Huge applause erupted when Sister Anne Marie Eden countered unfeeling corporate ambition with simple humanity. Mease Valley residents have again been outraged by German attempts to blight a corner of rural Staffordshire thousands of people visit each year for its tranquil beauty. And it was the softly spoken nun who inspired their renewed fight back.
An Osnabruk-based company wants to site giant wind turbines near Haunton to get at taxpayers’ cash.
But Sister Anne Marie Eden wants to preserve the Mease Valley’s quiet stillness for the souls who seek respite at her convent.
A packed protest meeting wearily rehearsed again the arguments that beat off Prowind at their first attempt to build in the valley.
But campaign champion County Councillor Matthew Ellis told them the prospects now looked grim.
He also quoted a dark warning from the Germans, who still seemed to be stinging from their earlier costly defeat: “We did not spend this amount of money just to walk away from it.”
The UK government is now subsidising foreign turbine firms to the tune of £500 million at year.
And yet serious doubts about their equipment’s efficiency on inland sites go unanswered.
Wind farms rejected
The county council refuses to allow large wind farms on its land for environmental reasons.
Rural bodies warn of turbines desecrating the countryside
Anti-windfarm protesters claim Prowind MD Johannes Busmann’s only thought is to help himself to generous taxpayer handouts.
Anyone who has met Sister Anne knows her one and only thought is to serve others.
She sees first hand the precious gift of healing and calm those who come to her for help gain from staying at the convent.
And few people could ever understand their mental turmoil as she does.
For 12 years she was an army chaplain, sometimes comforting soldiers heading for the front line – sometimes the bereaved families of those who did not return.
It is work she wants to continue at Haunton. She and her five fellow sisters stand ready if called on to receive soldiers traumatised by the horrors of Afghanistan.
But she fears that Prowind’s colossal turbine blades, chopping the wind like Chinook helicopter rotars, would forever mar the peace desperately sought by those in need.
Her simple message to Prowind was: “People come to us for quiet tranquility.
“What is going to happen if we do not fight for our countryside?
“We need beautiful natural things to look at.”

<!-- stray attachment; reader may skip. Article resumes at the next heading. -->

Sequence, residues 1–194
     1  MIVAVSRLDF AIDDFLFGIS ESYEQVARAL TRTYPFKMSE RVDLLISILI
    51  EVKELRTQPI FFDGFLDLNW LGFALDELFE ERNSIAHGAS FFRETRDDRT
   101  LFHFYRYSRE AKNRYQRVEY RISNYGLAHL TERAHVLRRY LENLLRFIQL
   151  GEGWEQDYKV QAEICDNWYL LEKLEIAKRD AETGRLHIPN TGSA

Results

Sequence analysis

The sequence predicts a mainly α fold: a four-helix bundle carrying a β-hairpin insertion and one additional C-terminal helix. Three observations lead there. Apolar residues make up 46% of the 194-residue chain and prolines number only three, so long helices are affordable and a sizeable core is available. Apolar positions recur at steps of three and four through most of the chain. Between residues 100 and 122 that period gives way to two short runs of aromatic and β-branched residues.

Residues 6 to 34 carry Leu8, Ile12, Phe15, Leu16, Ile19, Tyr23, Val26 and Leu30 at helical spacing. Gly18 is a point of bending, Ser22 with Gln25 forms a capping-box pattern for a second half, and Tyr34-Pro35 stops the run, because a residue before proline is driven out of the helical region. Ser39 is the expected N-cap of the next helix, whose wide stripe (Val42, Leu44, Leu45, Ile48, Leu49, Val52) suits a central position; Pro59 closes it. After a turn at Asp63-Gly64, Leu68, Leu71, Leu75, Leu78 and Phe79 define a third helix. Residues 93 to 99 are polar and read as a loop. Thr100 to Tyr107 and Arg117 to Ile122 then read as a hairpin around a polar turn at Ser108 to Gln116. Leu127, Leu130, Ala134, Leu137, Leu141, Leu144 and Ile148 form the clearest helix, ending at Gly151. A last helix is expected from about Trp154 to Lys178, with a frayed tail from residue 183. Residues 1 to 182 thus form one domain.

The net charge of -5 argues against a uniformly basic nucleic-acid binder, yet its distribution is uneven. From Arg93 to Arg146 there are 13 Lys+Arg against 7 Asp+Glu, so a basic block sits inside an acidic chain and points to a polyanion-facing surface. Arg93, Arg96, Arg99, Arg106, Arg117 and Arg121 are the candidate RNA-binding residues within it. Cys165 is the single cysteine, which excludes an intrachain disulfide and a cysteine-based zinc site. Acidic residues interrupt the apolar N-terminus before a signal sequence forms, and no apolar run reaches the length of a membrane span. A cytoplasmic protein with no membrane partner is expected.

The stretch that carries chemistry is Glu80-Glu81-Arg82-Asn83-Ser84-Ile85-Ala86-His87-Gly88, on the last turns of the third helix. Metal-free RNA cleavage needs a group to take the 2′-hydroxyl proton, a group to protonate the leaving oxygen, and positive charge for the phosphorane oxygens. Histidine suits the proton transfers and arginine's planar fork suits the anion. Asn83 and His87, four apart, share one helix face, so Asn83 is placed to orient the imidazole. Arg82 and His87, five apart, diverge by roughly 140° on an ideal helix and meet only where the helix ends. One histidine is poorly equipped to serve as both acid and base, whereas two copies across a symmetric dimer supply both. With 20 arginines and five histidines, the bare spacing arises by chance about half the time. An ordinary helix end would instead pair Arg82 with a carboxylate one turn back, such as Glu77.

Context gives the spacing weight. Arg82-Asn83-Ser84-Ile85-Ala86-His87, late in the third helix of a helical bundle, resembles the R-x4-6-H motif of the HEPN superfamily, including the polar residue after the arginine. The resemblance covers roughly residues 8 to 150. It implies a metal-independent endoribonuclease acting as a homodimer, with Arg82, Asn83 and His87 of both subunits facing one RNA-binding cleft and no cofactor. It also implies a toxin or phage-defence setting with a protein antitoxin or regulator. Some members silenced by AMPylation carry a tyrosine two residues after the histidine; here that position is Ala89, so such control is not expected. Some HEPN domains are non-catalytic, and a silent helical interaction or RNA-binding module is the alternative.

The packed hall at Harlaston erupted into loud applause.
Johannes Busmann and his team pulled out at the very last moment from their previous bid to build in the Mease Valley before their plans could be officially thrown out.
In doing so they left taxpayers to foot an estimated £90,000 bill in wasted administration fees.
Busmann had also broken promises to consult residents about his plans.
He totally ignored letters from the local MP – Christopher Pincher was even unaware that the businessman had advanced plans for another bid to locate turbines near Haunton.
Busmann has also refused to respond to journalists’ inquiries.
But at the Harlaston meeting last month residents heard how increased taxpayer subsidies for smaller scale wind farms made siting one near Haunton a more lucrative proposition than ever.
Vast profits to be had
Tory plans to ease planning laws also look set to bring a windfall for foreign companies such as ProWind.
Organisations including the National Trust are voicing fears for the future of the countryside.
Tory plans to adopt, “a presumption in favour of sustainable development” could see the number of wind turbines in the UK more than trebling from 2,000 to 6,500.
And Britain is not alone. In September ‘VM’ received a message of support from Canada for the Mease Valley campaigners.
Jane Wilson, Chair of the North Gower Wind Action Group, Ottawa, said: “We stand with you in your fight to preserve your community from industrialisation for taxpayer subsidised, inefficient and unreliable wind power generation.”
She added that Busmann aimed to build up to ten, 190-metre-tall turbines near her neighbours’ homes.
He is now also determined to install two, 100-metre-tall, 500mw turbines in the heart of the unspoiled Mease Valley.
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